Last Updated May 4, 2010 6:15 AM EDT
And in a state that's already notorious for healthcare fraud and the over-supply of every kind of medical care, one wonders how Scott would regulate the state's healthcare industry -- or implement Obama's reform law -- should he win the gubernatorial race.
For those of you who have forgotten -- or are too young to know -- Scott was the hotshot entrepreneur who in 1987, bought a couple of hospitals with the help of financier Richard Rainwater and, within a decade, took over HCA and built the nation's largest for-profit hospital chain. In 1997, Scott's empire unraveled and he was forced to resign from the company when government investigators charged that Columbia/HCA had defrauded Medicare by inflating cost reports, among other things.
To settle the civil and criminal charges against it, Columbia/HCA paid a total of $1.74 billion in fines. Scott, who was never personally charged, walked away with severance pay of $10 million, a 5-year consulting contract, and stock then valued at $300 million. In 2001, he founded Solantic Corp., which operates a chain of urgent-care centers.
Fast forward to March 2009. Scott founded Conservatives for Patients Rights with $5 million of his own money "to promote free market healthcare reform." The group was one of the most vociferous foes of the Democratic reform legislation. In Scott's current campaign, he appears to be building on his image as an opponent of this supposed "government takeover of healthcare."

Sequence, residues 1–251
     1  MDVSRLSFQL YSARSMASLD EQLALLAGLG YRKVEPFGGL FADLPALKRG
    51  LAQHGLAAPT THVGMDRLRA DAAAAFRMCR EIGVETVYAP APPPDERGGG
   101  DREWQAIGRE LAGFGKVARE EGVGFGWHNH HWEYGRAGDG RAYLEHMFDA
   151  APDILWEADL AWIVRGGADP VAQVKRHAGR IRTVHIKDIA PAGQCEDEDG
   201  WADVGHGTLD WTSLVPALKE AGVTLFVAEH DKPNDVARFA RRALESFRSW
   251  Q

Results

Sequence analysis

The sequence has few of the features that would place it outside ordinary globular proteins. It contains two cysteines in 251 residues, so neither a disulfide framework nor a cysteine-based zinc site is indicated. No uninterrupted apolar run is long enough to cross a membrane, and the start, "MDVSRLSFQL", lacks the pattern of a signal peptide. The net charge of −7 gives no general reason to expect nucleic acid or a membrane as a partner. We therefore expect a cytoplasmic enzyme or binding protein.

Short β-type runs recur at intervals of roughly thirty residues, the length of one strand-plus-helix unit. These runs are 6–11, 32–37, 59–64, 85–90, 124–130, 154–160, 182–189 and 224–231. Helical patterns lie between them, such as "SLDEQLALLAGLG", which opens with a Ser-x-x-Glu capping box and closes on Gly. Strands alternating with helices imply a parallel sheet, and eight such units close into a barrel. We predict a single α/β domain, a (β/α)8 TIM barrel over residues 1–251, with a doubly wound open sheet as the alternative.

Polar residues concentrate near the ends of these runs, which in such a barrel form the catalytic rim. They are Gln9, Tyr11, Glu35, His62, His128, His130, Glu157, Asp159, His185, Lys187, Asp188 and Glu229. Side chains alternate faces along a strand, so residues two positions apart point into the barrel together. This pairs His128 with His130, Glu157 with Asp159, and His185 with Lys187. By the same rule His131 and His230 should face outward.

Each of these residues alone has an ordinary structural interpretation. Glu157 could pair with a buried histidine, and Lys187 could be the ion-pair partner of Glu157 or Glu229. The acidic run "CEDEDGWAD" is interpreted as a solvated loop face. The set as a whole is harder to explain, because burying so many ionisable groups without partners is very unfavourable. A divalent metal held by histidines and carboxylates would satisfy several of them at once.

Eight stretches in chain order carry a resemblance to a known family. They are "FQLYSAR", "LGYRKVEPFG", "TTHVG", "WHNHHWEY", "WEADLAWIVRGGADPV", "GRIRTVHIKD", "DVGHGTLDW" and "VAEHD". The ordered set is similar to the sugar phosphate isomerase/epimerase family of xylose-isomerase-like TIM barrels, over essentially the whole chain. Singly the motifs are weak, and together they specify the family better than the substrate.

Scott has said all along that he's innocent of wrongdoing and that Columbia/HCA would have been proved innocent, too, if it had fought the charges. But the company admitted "systematically overcharging the government by claiming marketing costs as reimbursable, by striking illegal deals with home care agencies, and by filing false data about how hospital space was being used." The company's facilities also increased Medicare billings by exaggerating the seriousness of the illnesses treated in its hospitals, Columbia/HCA admitted, and "granted doctors partnerships in company hospitals as a kickback for the doctors referring patients to HCA."
The latter admission is especially interesting in light of Columbia/HCA's perfectly legal (but ethically questionable) practice of selling shares in its hospitals to physicians. Many of these deals, in fact, occurred right in Florida. Considering the number of hospitals and the saturation of physicians in southern Florida, that arrangement was practically an invitation to hospitalize patients and do procedures on them. Even if all of these admissions and procedures were medically necessary, it could not have been in patients' best interest for doctors to admit them to the hospital in which they had a financial interest, even if there were better hospitals nearby.
So if Rick Scott becomes Florida's next governor, physicians, hospitals, and other providers can probably expect him to relax any regulations that obstruct their pursuit of profits. That may create a few jobs. But patients better beware. As for any cooperation with the feds on healthcare reform, fuggedaboutit.
Image supplied courtesy of Kenneth Hynek at Flickr.